The Fifth Wave review

fifth wave

An alien apocalypse page-turner that keeps you guessing right until the end…

The Fifth Wave

by Rick Yancey

 

May 2013, Penguin

 

Book jacket blurb:

THE 1st WAVE

Took out half a million people.

THE 2nd WAVE

Put that number to shame.

THE 3rd WAVE

Lasted a little longer. Twelve weeks… Four billion dead.

IN THE 4th WAVE,

You can’t trust that people are still people.

AND THE 5th WAVE?

No one knows.

But it’s coming.

 

On a lonely stretch of highway, Cassie runs.

Runs from the beings that only look human, who have scattered Earth’s last survivors.

To stay alone is to stay alive, until she meets Evan Walker. Beguiling and mysterious, Evan may be her only hope.

Now Cassie must choose: between trust and despair, between defiance and surrender, between life and death. To give up or to get up.

Review:

In most post-apocalyptic fiction, one cataclysmic event unleashed upon humanity seems to do the trick. A massive electromagnetic pulse brings civilisation to a standstill. A worldwide tsunami washes a large portion of the population away. Millions die in an Ebola-type plague. Any remaining survivors turn against each other, not knowing who they can trust. In Rick Yancey’s The Fifth Wave, all of the above happens… and there is still worse to come. We don’t know what the fifth wave will entail. But it’s coming. And the intense sense of uncertainty created by this impending threat kept me turning pages hungrily right until the end.

The book opens with our first narrator, Cassie. As each wave arrived, things have gone from bad to worse. She’s witnessed all sorts of unpleasant things happen to her family, and now she’s alone. You would think that all of this would make for a depressing read but right from word go she hits us with her acidic humour and sense of irony and against all odds you find yourself laughing along with her, in particular at her witty observations about how people imagined the arrival of aliens to be and how horribly wrong they were. I warmed to her straight away for that, and for her unerring determination to keep her promise to her little brother.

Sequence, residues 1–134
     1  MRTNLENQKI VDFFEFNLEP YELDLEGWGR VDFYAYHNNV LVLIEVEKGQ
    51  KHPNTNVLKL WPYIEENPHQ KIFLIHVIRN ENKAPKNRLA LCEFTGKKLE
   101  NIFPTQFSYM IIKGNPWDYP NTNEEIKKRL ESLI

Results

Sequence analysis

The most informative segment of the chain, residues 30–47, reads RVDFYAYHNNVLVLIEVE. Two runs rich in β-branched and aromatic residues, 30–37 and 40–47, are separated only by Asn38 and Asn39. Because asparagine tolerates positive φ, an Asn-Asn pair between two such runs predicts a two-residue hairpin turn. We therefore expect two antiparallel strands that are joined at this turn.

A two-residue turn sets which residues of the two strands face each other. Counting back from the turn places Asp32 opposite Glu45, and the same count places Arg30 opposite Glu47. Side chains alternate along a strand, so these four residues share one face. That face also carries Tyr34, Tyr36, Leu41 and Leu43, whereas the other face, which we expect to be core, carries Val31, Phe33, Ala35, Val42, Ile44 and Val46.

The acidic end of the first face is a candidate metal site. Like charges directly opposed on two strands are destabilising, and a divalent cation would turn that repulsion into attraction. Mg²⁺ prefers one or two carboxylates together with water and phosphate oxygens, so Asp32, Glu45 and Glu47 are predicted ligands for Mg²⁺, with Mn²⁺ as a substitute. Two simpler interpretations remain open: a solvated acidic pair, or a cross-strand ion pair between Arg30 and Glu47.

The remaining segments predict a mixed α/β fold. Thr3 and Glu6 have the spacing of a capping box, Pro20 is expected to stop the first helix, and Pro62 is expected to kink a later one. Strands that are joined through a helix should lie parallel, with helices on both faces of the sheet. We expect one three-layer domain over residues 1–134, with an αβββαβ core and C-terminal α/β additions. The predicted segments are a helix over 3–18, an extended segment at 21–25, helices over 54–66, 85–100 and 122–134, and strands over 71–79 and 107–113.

The perspective shifts between narrators a few times in this book, and I like this technique when it’s done well. It really seemed to fit this context, where any remaining humans are isolated from each other. Ben Parish, aka Zombie, the other main voice, is no less likeable than Cassie, though his perspective is a more moving and sombre counter-point. So we have a strong leading male and female who are, refreshingly, linked by a strange set of coincidences rather than a trite love triangle. Then there is Evan Walker, Cassie’s mystery rescuer, your typical swoon-worthy teen hero in so many ways but not an easy character to come to terms with in some others.

I loved these characters, and the big ‘humanity’ questions the author throws up through the situations he puts them in gave me lots to think about even after I was done reading. There was plenty of tense, edge-of-your-seats action, too. But what really makes the book stand up is the quality of the baddies – I mean, these are some evil, resourceful planet-grabbing nasties! And like all good horror movies, the fear factor comes more from what you don’t see than what you do. Worse still, is that the alien invaders’ most abhorrent and effective modi operandi – such as bio-warfare, brain-washing and training up a child militia – are all too familiar and terrifying because they are practised by humans upon each other in the real world today.

It’s gripping stuff, and I wouldn’t be at all surprised if rumours of a film trilogy starring Tobey Maguire and claims of it being ‘the next Hunger Games but better!!’ turn out to be true. Let’s just hope that Rick Yancey is wrong about the aliens.

Thank you to Penguin for the ebook ARC in return for an honest review.

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